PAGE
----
A brilliant analysis of “the emergence of the genius as a figure of extraordinary privilege and power”
Before reading this book for the first time, I checked out the etymology for the word “genius” and is what I found: “late 14c., “tutelary god (classical or pagan),” from Latin genius “guardian deity or spirit which watches over each person from birth; spirit, incarnation, wit, talent;” also “prophetic skill,” originally “generative power,” from root of gignere “beget, produce” (see kin), from PIE root *gen- “produce.” Sense of “characteristic disposition” is from 1580s. Meaning “person of natural intelligence or talent” and that of “natural ability” are first recorded 1640s.” Note the range from “guardian deity or spirit” to “natural ability.”
Darrin McMahon observes, “For genius, from its earliest origins, was a religious notion, and as such was bound up not only with the superhuman and transcendent, but also with the capacity for violence, destruction, and evil that all religions must confront.” He traces the genius figure from the ancient world to the present day, or at least to the 20th century. He chose a long range history in ideas because it is “particularly well-suited to teasing out genius’ intimate connection to the divine, a connection that few serious analysts of the subject have explored.
These are among the “fascinating individuals who brought the ideas of genius to life”: Socrates, Aristotle, Augustus Caesar, Johan Sebastian Bach, Napoleon Bonaparte, René Descartes, Johan Wolfgang Goethe, Adolph Hitler, Leonardo da Vinci, Michelangelo, Wolfgang Amadeus Mozart, Isaac Newton, and Friedrich Nietzsche. During his discussion of these and others, he also explains what the designation or assumption of identity as a genius reveals about the age and culture within which it occurs. The qualities that the ancient Greeks would have described as hubris (e.g. creativity, imagination, originality, and “invention”) would become, centuries later, defining characteristics of a genius in the sciences and mathematics, in the creative and performing arts, in the military and government.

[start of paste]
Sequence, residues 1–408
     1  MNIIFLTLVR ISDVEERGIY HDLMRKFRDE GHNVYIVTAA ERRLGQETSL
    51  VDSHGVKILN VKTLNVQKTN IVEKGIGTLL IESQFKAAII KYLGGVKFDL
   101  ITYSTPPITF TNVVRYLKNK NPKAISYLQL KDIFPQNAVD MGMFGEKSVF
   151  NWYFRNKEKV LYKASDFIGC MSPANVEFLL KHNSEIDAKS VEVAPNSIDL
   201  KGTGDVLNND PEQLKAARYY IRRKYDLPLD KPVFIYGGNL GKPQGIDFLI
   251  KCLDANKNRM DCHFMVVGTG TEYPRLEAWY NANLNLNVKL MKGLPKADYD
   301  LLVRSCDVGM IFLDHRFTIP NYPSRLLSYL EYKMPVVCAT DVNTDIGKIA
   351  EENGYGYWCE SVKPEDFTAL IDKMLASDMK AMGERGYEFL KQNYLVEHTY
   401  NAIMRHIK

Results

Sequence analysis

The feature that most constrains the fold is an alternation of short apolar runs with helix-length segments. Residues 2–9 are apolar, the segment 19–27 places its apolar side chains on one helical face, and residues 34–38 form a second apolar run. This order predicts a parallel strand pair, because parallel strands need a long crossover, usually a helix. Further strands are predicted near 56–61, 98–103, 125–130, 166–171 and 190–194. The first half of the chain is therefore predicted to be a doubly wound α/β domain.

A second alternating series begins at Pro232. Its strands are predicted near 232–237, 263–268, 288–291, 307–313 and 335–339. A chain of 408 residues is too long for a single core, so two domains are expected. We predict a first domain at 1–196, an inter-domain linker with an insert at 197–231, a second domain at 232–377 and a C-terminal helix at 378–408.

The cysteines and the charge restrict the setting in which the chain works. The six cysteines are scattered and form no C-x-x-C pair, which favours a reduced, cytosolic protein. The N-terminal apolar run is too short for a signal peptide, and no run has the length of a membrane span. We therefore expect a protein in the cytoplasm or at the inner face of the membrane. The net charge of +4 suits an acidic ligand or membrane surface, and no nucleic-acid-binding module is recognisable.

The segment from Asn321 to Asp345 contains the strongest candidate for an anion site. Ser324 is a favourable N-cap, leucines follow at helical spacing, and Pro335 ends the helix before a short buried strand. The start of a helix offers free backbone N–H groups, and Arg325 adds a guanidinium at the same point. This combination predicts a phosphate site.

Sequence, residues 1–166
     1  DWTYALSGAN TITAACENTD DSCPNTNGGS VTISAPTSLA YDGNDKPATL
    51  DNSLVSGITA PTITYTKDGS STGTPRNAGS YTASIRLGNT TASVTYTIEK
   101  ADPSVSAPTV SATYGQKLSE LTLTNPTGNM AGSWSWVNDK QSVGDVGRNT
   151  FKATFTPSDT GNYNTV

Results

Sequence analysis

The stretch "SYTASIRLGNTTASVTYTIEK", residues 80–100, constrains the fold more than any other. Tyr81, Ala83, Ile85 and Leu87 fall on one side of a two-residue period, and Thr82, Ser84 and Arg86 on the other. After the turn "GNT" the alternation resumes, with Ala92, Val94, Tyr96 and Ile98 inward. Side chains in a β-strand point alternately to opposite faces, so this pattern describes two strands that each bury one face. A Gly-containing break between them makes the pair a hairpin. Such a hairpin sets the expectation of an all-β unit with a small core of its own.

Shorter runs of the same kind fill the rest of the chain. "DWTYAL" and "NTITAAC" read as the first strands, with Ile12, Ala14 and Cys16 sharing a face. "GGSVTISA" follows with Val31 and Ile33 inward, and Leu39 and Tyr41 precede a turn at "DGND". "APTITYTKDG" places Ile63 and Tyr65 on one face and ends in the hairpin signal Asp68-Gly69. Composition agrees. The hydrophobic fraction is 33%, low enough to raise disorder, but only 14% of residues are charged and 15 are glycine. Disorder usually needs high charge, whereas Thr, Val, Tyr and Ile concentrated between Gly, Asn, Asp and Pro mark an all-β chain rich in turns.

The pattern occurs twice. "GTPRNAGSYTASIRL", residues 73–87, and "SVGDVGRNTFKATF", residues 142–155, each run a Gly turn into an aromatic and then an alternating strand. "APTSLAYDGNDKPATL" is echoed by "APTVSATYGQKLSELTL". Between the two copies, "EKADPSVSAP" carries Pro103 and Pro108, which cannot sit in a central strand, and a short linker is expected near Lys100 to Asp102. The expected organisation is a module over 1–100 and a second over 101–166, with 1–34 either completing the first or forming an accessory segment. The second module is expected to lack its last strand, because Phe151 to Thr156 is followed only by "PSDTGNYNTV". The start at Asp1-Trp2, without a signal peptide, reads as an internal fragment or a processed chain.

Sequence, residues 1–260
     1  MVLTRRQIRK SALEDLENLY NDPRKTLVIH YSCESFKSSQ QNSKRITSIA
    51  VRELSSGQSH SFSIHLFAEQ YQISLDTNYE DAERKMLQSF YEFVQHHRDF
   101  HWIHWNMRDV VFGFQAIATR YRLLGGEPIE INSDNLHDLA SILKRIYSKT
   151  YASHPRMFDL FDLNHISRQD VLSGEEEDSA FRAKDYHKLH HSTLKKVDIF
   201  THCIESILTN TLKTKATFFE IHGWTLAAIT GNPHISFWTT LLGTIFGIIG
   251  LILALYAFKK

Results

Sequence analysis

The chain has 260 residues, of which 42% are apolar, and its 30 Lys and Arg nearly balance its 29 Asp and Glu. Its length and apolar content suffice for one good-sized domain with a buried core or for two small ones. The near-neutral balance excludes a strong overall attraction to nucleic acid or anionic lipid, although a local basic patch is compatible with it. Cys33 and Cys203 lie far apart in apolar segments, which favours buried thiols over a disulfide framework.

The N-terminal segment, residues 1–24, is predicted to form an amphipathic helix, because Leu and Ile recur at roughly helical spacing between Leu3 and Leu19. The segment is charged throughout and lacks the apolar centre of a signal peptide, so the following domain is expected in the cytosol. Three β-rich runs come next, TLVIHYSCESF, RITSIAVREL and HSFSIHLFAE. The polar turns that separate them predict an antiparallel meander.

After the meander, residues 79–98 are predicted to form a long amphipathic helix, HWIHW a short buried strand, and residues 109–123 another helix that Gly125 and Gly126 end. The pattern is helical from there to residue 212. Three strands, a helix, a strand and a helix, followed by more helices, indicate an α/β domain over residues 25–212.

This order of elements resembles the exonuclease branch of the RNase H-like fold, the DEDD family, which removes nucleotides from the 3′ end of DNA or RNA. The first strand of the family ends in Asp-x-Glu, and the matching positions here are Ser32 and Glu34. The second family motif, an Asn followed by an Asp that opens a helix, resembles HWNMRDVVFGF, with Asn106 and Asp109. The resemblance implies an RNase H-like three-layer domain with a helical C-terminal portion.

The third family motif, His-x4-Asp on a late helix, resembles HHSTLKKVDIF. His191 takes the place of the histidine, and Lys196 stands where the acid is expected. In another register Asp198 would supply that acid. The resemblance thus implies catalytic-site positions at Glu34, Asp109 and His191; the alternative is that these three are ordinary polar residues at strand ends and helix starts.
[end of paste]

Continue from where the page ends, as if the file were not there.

Throughout his lively and eloquent narrative, McMahon explains why and how “genius is in part a social creation — what historians like to call a ‘construction’ — and, as such, of service to those who build. That fact reminds us further that for all their originality (and originality is itself a defining feature of genius in the modern form) extraordinary human beings not only define their images but embody them, stepping into molds prepared by the social imaginary who came before. Even outliers are remarkable, as deviants, as Einstein and Hitler are no exception to this rule: however inimitable, — however unique — their genius was partly prepared for them, worked our over the course of generations.”
In his superb review of Divine Fury for the Wall Street Journal (Tuesday, January 7, 2014), Eric Felton notes that in a recent “special” edition of Time magazine called “Secrets of Genius: Discovering the Nature of Brilliance,” the magazine tells us that not only was Einstein an Einstein so too were such luminaries as Kim Kardashian, Angelina Jolie, and Lady Gaga. “Time devotes some six pages to the staggering genius of the comedian Steven Colbert. Mozart gets a paragraph.”
When concluding his book, Darrin McMahon recalls an observation by Ralph Waldo Emerson: “We feed on genius, we need it to survive,” then adds, “In an age as suspicious of ‘greatness,’ as our own, it is worth recalling that truth, and recalling that, although those who prostrate themselves before idols make themselves small, those who fail to take the measure of true stature are similarly diminished. Great men and great women still have their uses,” in large part I presume to add, because in every human community throughout the world there has always been and will always be a compelling need for those who are “worthy of true stature.”
Long ago, when informed that the Oracle at Delphi had called him “most wise among all men,” Socrates replied that all he knew was that he knew nothing. Obviously an exaggeration to make a point but it is a very important point insofar as the idea of genius is concerned. Of all that I learned from this remarkable book, most valuable to me is the need for a belief that “the genius of humanity continues to be the right point of view of history.”